Perceptual-motor contributors to the association between developmental coordination disorder and academic performance: North-West Child Health, Integrated with Learning and Development study
De Waal, Elna
Pienaar, Anita E.
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Background: Children with developmental coordination disorder (DCD) portray motor coordination and perceptual difficulties which can hamper daily activity and academic task execution. Aim: This study examined the association between DCD and academic performance, and explored which perceptual and motor coordination skills had the largest contribution to academic performance. Setting: Ten-year-old children (N = 221, 10.05 years + 0.41 standard deviation) who formed part of the North-West Child Health, Integrated with Learning and Development (NW-CHILD) longitudinal study in South Africa were randomly selected to participate. Methods: Motor coordination, visual-motor integration and academic achievement were assessed using the Movement Assessment Battery for Children-2, the Beery–Buktenica Developmental Test of Visual-Motor Integration-4, and national and mid-year assesments respectively. Spearman Rank order correlations and stepwise regression analyses were used to respectively determine significant associations and unique contributors. Results: All perceptual and coordination skills differed between children with and without DCD, although only visual perception and manual dexterity showed overall correlations with academic performance in children with DCD. Visual perception also correlated strongly with maths (r = 0.26) and with the grade point average (r = 0.31) in children with and without DCD (r = 0.33, r = 0.45). The highest contribution to the total variance (23.11%) in math performance was explained by visual perception (22.04%), while visual perception contributed to 16.36% of 18.17% in the grade point average. Conclusion: Children with DCD display significantly inferior visual-perceptual and coordination skills of which visual perception and manual dexterity influence academic performance (especially maths), negatively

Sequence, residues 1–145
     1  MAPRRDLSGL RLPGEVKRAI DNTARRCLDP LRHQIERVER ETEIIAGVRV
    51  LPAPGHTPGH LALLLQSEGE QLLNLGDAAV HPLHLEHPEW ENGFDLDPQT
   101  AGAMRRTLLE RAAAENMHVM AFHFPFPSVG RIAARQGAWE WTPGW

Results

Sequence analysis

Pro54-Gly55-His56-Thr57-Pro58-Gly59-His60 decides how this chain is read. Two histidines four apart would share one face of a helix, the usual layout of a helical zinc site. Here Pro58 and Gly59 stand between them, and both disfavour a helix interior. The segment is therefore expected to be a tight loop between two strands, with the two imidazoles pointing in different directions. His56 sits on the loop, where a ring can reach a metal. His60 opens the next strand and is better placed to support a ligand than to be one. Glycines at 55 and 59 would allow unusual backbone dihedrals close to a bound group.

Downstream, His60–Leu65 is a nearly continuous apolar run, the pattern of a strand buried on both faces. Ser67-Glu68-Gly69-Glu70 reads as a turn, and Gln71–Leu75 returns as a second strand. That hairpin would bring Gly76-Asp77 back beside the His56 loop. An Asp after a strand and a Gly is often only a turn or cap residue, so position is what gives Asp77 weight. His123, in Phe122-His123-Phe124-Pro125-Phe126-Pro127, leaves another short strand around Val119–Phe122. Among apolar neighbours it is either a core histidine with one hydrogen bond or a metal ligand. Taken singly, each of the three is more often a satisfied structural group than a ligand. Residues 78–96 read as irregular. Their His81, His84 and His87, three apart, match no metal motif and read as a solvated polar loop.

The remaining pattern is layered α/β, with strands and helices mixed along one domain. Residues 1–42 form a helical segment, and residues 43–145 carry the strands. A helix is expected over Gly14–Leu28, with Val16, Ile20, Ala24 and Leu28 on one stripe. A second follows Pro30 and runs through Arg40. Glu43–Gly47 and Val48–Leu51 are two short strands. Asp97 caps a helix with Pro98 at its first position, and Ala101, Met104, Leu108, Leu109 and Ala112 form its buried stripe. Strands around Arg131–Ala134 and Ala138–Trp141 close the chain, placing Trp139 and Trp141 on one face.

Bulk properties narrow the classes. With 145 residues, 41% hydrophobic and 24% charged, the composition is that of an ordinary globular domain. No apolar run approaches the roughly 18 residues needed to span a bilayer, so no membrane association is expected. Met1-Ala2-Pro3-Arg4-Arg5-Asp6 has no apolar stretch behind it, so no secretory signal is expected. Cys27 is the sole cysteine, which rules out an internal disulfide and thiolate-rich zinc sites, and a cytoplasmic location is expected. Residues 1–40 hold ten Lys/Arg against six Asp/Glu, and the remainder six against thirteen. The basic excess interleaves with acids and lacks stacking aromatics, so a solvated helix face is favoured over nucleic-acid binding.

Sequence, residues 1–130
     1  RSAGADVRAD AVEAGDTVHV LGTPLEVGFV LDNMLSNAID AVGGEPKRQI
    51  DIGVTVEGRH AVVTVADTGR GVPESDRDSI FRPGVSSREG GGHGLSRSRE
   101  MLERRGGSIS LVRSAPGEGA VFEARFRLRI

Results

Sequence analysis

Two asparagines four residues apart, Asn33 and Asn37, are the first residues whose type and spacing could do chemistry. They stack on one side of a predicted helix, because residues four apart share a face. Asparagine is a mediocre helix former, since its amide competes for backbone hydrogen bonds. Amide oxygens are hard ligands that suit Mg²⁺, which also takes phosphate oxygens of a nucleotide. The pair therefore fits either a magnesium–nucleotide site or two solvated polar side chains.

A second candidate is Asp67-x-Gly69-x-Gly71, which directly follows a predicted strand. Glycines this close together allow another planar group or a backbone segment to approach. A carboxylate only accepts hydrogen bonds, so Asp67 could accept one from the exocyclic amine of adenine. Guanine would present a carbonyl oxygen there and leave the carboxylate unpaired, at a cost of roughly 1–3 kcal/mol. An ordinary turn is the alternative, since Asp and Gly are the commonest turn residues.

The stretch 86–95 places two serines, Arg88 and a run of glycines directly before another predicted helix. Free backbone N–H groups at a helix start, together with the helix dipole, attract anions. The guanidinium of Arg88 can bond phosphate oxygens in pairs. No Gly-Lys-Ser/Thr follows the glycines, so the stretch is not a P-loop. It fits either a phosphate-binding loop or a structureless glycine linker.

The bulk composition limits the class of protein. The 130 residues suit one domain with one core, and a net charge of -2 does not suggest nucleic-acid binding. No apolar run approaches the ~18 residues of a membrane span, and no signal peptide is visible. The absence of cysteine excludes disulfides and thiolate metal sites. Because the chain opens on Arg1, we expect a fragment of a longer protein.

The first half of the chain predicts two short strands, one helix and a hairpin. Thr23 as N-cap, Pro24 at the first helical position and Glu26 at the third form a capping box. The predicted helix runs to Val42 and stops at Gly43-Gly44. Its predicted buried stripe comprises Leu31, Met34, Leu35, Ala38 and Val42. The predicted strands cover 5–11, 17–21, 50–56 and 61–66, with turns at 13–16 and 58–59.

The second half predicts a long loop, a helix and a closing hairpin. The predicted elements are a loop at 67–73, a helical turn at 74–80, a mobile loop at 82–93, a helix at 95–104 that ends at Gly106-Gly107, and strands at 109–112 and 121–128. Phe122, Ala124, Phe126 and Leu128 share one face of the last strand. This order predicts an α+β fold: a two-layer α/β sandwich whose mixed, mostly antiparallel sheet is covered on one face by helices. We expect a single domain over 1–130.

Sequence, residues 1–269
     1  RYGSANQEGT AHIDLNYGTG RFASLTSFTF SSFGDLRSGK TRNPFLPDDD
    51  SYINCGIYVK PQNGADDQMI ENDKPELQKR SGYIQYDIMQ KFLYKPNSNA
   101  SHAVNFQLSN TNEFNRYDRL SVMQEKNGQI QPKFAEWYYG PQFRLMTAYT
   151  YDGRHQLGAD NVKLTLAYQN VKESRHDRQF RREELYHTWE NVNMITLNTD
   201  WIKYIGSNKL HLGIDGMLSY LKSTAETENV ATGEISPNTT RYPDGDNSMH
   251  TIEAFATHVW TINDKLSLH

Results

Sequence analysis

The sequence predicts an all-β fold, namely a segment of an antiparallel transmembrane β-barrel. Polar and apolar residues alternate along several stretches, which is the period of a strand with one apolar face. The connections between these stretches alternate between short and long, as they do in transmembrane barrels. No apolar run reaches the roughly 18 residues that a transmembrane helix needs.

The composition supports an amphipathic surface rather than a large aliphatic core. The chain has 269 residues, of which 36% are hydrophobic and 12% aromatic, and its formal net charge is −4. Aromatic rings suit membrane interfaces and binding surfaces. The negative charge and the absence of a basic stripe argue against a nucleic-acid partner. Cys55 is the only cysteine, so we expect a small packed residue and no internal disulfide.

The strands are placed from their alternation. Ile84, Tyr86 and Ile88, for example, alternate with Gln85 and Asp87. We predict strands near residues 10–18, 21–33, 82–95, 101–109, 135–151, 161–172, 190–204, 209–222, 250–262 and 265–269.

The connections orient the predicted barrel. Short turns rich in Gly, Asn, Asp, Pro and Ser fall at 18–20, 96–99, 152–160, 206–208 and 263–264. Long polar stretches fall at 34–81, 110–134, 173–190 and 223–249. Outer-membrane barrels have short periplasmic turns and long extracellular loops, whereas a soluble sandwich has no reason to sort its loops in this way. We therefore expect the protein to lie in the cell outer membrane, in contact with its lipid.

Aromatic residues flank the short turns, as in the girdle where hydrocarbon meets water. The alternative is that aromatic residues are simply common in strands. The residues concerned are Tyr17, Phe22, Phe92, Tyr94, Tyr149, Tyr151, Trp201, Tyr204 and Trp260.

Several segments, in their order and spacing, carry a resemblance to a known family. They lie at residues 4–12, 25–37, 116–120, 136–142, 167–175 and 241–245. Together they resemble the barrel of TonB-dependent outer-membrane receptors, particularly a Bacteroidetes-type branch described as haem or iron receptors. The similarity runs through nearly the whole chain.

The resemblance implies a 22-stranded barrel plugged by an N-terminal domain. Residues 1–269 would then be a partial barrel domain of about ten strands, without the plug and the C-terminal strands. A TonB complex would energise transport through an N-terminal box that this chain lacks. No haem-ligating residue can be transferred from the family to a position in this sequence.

- Faculty of Health Sciences